For the rest of us still stuck here, however, a few questions are in order. Is it simply the pursuit of raw, unadulterated speed that makes one aware of its existence? After all, Davis had already broken the world record before, abetted by pharmaceuticals or no. Why hadn't he become aware already? Did he reach an objective switch point with his new world record time of 8.33 seconds, which propelled him into a different channel on the network or granted him passage beyond?
No. Dan Davis became aware of the Matrix when his moving athletic body reached a strategic nexus of speed, poiesis and pain.
In Growth and AutoImmune Wall, Amber displays a similar awareness of the matrixial web in which we exist. The pain is of a different sort, however. With each work, one imagines the countless hours invested, the permutations and combinations of the weave, all felt in the supple yet dull ache of the artist's fingers. In this familiarity with the fibres one perceives time folded and compressed into a static artwork that strains at the very seams of its emergent process.
Amber is decidedly ambivalent about the connective fibres that form our relations. Though each work exhibits a lushness in its sinewy fabric, each also embodies the accidents of tangle, rupture and decay. In other words, they possess organic qualities that complement the technical elements of the fibre's production. Since each is made of the same "stuff" — namely, twine and string — this ambivalence becomes even more apparent when the pieces are taken together in an assemblage that includes her earlier Wool Boxes, the more recent Falling and Skin Series, and the collaborative work Cancer, Crack and Chinese Shoes.
twine, wool, string
Curiously, this proposition makes more sense in resonance with a recent quote by Garrick Barr, CEO of Synergy Sports Technology, a company that provides a real-time video-indexing statistical engine and online retrieval system for professional sports teams: "So we have 11 generic play types. In '98 when I designed the first report, I had to sort of examine and figure out, if you will, the oncology of the sport so that we could log it accurately and consistently to satisfy professionals, and having been one I was in a pretty good position to try to do that" (italics added).
Generally speaking, ontology is the philosophical means of describing our very being in the world or what it means to exist, while oncology concerns the medical study and treatment of cancer. It seems that the typo in Barr's quote exists as noise in a signal system, no? Though such interference patterns appear increasingly normative, one supposes certain errors are worse than others.
In this case, however, the typo may be illustrative. The word ontology assumes a different meaning in the information sciences, understood instead as the study of rationally-determined relationships that govern a particular data set within a particular domain. This sort of attempt to develop an ontology of relationships present during the production of a professional sporting event, with ever-more minute striations of the athletic body yielding ever-less notable differences, is precisely such a mutation in process one would consider an oncological risk factor. When one examines the contemporary economics and politics of professional sport, one perceives an exponential accumulation of database entries and self-referential linguistic production in the service of vectoral capital, which is turning back in on itself to form what was first referred to by Jean Baudrillard as the cancer produced by the society of simulation.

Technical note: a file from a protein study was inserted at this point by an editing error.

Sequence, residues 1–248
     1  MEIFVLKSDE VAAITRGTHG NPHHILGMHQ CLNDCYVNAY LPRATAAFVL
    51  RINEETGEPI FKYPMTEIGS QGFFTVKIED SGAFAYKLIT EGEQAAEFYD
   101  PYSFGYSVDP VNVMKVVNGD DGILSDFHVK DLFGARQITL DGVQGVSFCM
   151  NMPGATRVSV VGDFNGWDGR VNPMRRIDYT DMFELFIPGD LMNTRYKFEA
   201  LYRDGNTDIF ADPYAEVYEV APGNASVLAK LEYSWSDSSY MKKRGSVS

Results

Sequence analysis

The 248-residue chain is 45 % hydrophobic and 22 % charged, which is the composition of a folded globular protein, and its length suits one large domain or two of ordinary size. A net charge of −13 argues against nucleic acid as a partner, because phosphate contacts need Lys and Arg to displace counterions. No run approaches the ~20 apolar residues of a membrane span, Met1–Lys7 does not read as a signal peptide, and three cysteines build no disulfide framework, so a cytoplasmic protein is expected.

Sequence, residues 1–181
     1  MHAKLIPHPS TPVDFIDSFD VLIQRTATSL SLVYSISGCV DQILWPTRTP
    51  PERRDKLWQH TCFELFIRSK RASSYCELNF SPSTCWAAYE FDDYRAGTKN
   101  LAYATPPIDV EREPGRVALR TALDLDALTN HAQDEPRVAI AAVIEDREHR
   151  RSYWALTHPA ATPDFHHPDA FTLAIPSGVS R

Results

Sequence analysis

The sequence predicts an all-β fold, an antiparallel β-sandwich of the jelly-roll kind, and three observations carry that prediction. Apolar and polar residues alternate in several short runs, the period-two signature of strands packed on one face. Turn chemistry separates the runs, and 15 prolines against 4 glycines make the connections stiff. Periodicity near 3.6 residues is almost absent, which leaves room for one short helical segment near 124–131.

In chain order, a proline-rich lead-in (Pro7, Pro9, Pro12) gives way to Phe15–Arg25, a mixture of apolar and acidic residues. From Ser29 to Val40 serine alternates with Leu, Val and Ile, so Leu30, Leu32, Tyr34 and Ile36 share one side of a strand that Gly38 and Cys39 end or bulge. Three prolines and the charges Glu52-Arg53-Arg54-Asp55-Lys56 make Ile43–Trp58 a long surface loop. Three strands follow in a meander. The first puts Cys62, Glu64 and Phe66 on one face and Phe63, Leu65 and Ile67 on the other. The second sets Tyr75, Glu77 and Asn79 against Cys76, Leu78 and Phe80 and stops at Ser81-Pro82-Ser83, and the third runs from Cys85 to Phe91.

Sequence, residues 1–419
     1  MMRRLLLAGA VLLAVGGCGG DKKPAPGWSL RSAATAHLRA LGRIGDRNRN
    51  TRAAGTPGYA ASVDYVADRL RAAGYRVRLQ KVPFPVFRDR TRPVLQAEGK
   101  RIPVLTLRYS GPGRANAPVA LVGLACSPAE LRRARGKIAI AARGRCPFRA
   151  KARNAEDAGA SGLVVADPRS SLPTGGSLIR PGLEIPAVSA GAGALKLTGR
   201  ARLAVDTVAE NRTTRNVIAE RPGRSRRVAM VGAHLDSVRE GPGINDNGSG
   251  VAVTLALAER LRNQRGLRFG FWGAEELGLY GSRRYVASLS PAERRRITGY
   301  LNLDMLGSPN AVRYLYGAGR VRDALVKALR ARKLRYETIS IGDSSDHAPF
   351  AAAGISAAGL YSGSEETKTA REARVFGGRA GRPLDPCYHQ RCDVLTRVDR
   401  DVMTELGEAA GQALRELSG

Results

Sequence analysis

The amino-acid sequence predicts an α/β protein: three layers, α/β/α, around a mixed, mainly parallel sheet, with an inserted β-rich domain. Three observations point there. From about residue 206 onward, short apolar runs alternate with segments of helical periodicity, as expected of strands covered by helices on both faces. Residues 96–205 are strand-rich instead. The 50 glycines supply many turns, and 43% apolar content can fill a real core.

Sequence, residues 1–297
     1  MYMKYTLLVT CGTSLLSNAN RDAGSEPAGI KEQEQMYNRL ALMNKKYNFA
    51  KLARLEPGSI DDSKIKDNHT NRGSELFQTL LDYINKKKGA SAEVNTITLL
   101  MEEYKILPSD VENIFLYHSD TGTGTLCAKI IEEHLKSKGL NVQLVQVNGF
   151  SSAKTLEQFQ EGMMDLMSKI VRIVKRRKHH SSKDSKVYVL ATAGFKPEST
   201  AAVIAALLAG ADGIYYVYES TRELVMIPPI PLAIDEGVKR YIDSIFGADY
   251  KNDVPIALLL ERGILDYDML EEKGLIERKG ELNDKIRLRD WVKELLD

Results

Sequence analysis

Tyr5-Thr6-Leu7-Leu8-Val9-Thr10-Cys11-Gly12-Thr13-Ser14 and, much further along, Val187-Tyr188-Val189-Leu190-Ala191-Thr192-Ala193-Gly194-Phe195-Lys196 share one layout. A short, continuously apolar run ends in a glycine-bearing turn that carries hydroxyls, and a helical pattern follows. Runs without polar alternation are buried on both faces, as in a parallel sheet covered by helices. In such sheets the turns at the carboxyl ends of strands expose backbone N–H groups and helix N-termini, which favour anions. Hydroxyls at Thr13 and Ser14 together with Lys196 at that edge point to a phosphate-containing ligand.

These relations of athletic bodies emerge during the event, for they are moving bodies, and as such should be considered ontogenetic, to use the term proposed by Brian Massumi. But considering the attempt to capture this relational emergence in the service of self-referential capital, as with Synergy Sports Technology and its ilk, we might also consider them oncogenetic, or possessing the potential under certain conditions to spawn exponentially cancerous growths. One weaves and weaves and weaves, fingers supple and aching, only to find cancer and death.
One of the lessons we may learn from Antony Gormley's career of autobiographical study in sculpting the human form is a progressive dematerialization of the body as it integrates with networks of data. Indeed, in works such as the Feeling Material series, this dematerialization is felt in his "least material necessary" strategy, with the body beginning to orbit and shed its fixity in space and time.
While Gormley seems primarily concerned with studies of the body proper, however, Amber inquires after the relations between bodies. As such, process becomes ever more evident and the body is less represented than it is invested: how much fibre is required for the relation to be woven thick and sturdy?
Or, to follow the minimalism of Gormley's Feeling Material one might rather ask: how little?
Can a shared train ride to Paris or an espresso under the warm gaze of coastal sunshine be sufficient? Can eye contact, the original scopic regime of relation, provide sufficient resonance in relief from the backdrop of spectacle? Can one's degree of exposure provide a basis for understanding these emerging fibres of relation?
Though each of us certainly possesses multiple relations that condition the possibilities of our everyday, it behooves us to imagine for a moment being the astronaut photographer mentioned earlier, having only the singular weave of fibres maintaining one's tether to the Earth. Would you risk that organic and technic are in fact discrete categories of relation and chance the oncological consequences that might dynamically emerge in either? Or, if the moebius strip thesis resonates as false, would you wager that the gravitational pull of the planet and the communication link with ground control were distinct entities? If so, which would you choose to sever in order to excise a potentially cancerous tumour: that which maintains the presence of the other body, or that which allows for language to exist?
Which gives birth to unspeakable beauty?
Perhaps in this last question lie the strands of my own sheer terror.